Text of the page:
Simple, cheap test can help identify risky patients for colorectal cancer, aiding early diagnosis and potentially saving lives, as per the new study published in the British Journal of Cancer after analyzing data from 4,000 patients aged 50 and over.
The study is led by the University of Exeter, and supported by the Peninsula and the Somerset, Wiltshire, Avon, and Gloucestershire Cancer Alliances, and by the Cancer Research UK.
The research involved all healthcare providers in the South West of England taking a new approach. Over six months, they provided the faecal immunochemical test (FIT), which costs round Ģ4 and can pick up traces of hidden blood in faeces.
From June to December 2018, 3,890 patients received the FIT. Among them, 618 tested positive for blood in their faeces, 43 of whom had received a diagnosis of colorectal cancer within 12 months. In the group that tested negative, only eight were diagnosed with colorectal cancer a year later.
Dr Sarah Bailey, of the University of Exeter Medical School, who led the study, said: "Our findings are very exciting - we show that this simple and inexpensive test performs exceptionally well in this group of patients with low-risk symptoms, to quickly and accurately tell us who is likely to not have colorectal cancer, and who should be referred for investigation.
At a time when hospital services face a backlog as a result of COVID-19 measures, making this decision quickly can ensure the right people are investigated and treated as quickly as possible, which can help save lives.
FIT has accelerated interest in how FIT can be used in other patients and we are now calling for FIT to be evaluated for use across the entire healthcare spectrum, not just in primary care, and in combination with other clinical markers of cancer such as blood test results"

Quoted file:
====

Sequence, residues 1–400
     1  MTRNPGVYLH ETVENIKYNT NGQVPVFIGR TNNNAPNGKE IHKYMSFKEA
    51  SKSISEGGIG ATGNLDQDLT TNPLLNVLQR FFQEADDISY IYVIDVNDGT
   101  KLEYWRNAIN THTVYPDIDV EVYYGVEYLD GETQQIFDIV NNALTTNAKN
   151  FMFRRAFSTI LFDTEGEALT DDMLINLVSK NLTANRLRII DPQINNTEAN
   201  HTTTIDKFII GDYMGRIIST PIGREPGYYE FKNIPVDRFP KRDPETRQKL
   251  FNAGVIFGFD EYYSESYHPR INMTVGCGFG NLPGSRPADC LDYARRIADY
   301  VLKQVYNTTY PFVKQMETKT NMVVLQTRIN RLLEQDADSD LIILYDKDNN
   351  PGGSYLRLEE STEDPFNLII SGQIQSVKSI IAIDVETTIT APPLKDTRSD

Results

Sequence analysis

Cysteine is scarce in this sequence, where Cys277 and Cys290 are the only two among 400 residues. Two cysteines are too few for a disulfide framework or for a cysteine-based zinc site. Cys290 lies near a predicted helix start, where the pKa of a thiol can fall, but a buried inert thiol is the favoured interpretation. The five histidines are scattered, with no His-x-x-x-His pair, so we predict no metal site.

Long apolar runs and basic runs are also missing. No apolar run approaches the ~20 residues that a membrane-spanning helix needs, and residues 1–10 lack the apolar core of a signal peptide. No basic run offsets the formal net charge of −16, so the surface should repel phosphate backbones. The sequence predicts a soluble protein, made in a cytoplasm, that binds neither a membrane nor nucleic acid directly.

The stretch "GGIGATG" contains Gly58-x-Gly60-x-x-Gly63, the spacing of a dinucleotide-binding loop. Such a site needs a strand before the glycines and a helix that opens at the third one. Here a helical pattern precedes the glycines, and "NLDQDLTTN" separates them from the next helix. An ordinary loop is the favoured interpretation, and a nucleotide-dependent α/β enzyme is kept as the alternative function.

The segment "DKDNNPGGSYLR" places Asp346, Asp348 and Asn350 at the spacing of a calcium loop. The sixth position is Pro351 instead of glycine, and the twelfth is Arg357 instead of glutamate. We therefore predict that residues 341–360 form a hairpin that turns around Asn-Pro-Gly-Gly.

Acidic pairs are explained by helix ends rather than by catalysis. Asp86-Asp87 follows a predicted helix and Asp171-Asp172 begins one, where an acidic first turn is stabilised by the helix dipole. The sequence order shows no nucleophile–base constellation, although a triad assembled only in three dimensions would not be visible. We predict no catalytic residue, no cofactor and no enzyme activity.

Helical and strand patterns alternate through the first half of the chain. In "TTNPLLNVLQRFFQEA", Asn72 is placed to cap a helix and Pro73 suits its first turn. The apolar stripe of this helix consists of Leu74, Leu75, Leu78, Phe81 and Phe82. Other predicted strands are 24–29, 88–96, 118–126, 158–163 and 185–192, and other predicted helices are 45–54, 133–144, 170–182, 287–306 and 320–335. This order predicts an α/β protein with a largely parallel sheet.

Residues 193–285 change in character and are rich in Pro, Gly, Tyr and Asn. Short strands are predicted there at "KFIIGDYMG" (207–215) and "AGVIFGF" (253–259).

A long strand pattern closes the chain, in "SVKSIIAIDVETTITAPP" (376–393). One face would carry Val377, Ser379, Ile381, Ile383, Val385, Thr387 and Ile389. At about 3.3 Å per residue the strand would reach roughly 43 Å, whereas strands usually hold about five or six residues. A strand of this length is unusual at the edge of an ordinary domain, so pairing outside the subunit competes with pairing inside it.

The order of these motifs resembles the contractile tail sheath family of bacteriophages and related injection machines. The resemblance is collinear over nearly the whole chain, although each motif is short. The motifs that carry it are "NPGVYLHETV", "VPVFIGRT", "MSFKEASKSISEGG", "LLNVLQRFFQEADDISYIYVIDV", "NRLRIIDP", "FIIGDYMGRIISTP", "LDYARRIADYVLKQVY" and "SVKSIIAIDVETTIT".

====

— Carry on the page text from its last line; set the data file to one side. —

Requests for urgent colorectal cancer investigations have more than doubled from 2012. This is in part because of awareness among clinicians that seemingly low-risk symptoms can later present as an emergency, with the lowest cancer survival.
Dr Joe Mays, of the Peninsula Cancer Alliance, which brings together leaders from different hospital trusts to improve cancer diagnosis and care in their area,, said: "The rapid and robust analysis has generated the evidence for doctors to use the FIT test with confidence. This led to a reduction in the expected rates of colonoscopy, and helped us build a business case for the ongoing commissioning of this service.
Building confidence and familiarity with the test helped us to manage a crisis in endoscopy capacity caused by the COVID-19 pandemic. We're now keen to evidence the performance of the test in higher risk populations."
Dr Jodie Moffat, Cancer Research UK's head of early diagnosis, said: "FIT is already being used for people who don't have symptoms in the bowel screening programme.
This test may also be used in patients with low risk symptoms to identify who needs further investigation. But, FIT isn't perfect and some cases can be missed so it's important that anyone whose symptoms persist, change or worsen contact their GP, even if they've recently had a negative FIT result."